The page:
“Another sphere,”—he caught a subtle pleasure in her enunciation. “I suppose you mean high society; but it would never be the same.”
“Not quite the same. You would have to drive to see your sinners in a carriage and pair, and you might be obliged to dine with them in—what do ladies generally dine in?—white satin and diamonds, or pearls. I think I would rather see you in pearls.” He was aware of the inexcusableness of the points he made, but he only stopped to laugh inwardly at their impression, watching the absorbed turn of her head.
“We might think it well to be a little select in our sinners—most of them would be on Government House list, just as most of your present ones are on the lists of the charitable societies or the police magistrates. But you would find just as much to do for them.”
“I should not even know how to act in such company.”
“You can go home for a year, if you like, to be taught, to some people I know; delightful people, who will understand. A year! You will learn in three months—what odds and ends there are to know. I couldn’t spare you for a year.”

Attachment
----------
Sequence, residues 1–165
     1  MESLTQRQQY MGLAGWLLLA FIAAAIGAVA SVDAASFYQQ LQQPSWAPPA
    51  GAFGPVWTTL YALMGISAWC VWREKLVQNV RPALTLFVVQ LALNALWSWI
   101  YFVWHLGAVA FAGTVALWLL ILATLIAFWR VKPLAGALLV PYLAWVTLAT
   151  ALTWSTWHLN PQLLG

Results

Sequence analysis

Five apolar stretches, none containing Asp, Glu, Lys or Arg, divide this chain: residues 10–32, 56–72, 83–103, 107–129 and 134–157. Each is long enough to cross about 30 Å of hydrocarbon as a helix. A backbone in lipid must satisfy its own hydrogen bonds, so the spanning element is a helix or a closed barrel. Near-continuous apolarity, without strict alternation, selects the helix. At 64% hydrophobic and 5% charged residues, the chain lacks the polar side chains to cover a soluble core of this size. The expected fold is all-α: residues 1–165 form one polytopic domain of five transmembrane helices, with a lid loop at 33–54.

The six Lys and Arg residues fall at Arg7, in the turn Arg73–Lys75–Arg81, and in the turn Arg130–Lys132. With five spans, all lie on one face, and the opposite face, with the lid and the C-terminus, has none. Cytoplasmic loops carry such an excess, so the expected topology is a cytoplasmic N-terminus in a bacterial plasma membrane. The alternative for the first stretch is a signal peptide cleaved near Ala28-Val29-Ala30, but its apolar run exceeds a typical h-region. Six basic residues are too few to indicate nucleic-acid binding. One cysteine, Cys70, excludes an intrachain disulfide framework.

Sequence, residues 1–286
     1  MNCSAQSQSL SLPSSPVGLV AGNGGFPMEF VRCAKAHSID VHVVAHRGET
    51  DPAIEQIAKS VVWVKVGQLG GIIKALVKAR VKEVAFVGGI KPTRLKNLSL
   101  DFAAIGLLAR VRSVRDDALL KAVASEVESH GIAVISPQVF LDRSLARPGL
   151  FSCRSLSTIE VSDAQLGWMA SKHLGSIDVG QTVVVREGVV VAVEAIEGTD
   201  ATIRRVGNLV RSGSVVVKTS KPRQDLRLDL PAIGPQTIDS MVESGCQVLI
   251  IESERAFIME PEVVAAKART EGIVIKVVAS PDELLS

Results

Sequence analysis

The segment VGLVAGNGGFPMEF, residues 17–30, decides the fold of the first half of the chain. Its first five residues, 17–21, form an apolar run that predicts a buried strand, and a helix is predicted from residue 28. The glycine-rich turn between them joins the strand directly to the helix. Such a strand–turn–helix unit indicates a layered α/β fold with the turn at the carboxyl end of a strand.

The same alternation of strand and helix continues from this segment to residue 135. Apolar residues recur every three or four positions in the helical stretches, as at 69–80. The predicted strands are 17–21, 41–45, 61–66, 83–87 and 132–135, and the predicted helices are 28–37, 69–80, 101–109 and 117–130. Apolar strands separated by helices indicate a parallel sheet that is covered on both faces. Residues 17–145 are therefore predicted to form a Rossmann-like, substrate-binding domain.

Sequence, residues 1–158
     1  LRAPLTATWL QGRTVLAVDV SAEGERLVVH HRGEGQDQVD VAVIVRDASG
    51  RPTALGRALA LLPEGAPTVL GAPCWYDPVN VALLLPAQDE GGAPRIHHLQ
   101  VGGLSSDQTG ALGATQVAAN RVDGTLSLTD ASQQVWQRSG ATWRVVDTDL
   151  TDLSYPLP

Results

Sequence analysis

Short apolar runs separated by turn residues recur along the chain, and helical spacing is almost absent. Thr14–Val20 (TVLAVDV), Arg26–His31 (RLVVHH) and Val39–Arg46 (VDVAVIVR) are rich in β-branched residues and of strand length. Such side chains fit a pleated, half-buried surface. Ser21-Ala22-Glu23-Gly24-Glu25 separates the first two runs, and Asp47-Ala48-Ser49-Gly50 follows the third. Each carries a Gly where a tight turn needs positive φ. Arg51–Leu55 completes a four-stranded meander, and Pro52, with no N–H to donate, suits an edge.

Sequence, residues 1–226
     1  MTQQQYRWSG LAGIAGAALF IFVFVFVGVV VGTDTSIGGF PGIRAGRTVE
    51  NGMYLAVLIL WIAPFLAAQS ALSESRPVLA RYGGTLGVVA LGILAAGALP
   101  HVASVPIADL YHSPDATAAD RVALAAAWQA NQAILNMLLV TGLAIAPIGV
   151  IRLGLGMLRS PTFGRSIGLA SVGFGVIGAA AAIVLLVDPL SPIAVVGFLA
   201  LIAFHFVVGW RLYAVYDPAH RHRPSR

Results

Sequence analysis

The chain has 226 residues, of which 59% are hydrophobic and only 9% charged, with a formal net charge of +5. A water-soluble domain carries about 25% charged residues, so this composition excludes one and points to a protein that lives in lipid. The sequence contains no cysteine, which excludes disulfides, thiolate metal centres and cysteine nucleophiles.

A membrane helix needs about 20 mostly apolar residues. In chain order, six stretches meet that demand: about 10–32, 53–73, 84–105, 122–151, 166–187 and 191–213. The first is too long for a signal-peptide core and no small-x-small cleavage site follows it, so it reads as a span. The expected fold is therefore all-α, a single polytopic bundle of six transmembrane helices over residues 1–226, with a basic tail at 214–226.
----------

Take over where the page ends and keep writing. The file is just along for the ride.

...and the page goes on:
Lindsay stopped. He had to. Captain Filbert was murmuring the cadences of a hymn. She went through two stanzas, and covered her eyes for a moment with her hand. When she spoke it was in a quiet, level, almost mechanical way. “Yes,” she said. “The Cross and the Crown, the Crown and the Cross. Father in heaven, I do not forget Thy will and Thy purpose, that I should bring the word of Thy love to the poor and the lowly, the outcast and those despised. And what I say to this man, who offers me the gifts and the gladness of a world that had none for Thee, is the answer Thou hast put in my heart—that the work is Thine and that I am Thine, and he has no part or lot in me, nor can ever have. Here is Crooked Lane. Good-night, Mr. Lindsay.” She had slipped into the devious darkness of the place before he could find any reply, before he quite realised, indeed, that they had reached her lodging. He could only utter a vague “Goodnight,” after her, formulating more definite statements to himself a few minutes later, in Bentinck Street.
Miss Howe was walking in the business quarter of Calcutta. It was the business quarter, yet the air was gay with the dimpling of piano notes, and looking up one saw the bright sunlight fall on yellow stuccoed flats above the shops and the offices. There the pleasant north wind blew banners of muslin curtains out of wide windows, and little gardens of palms in pots showed behind the balustrades of the flat roofs whenever a storey ran short. Everywhere was a subtle contagion of momentary well-being, a sense of lifted burden. The stucco streets were too slovenly to be purely joyous, but a warm satisfaction brooded in them, the pariahs blinked at one genially, there was a note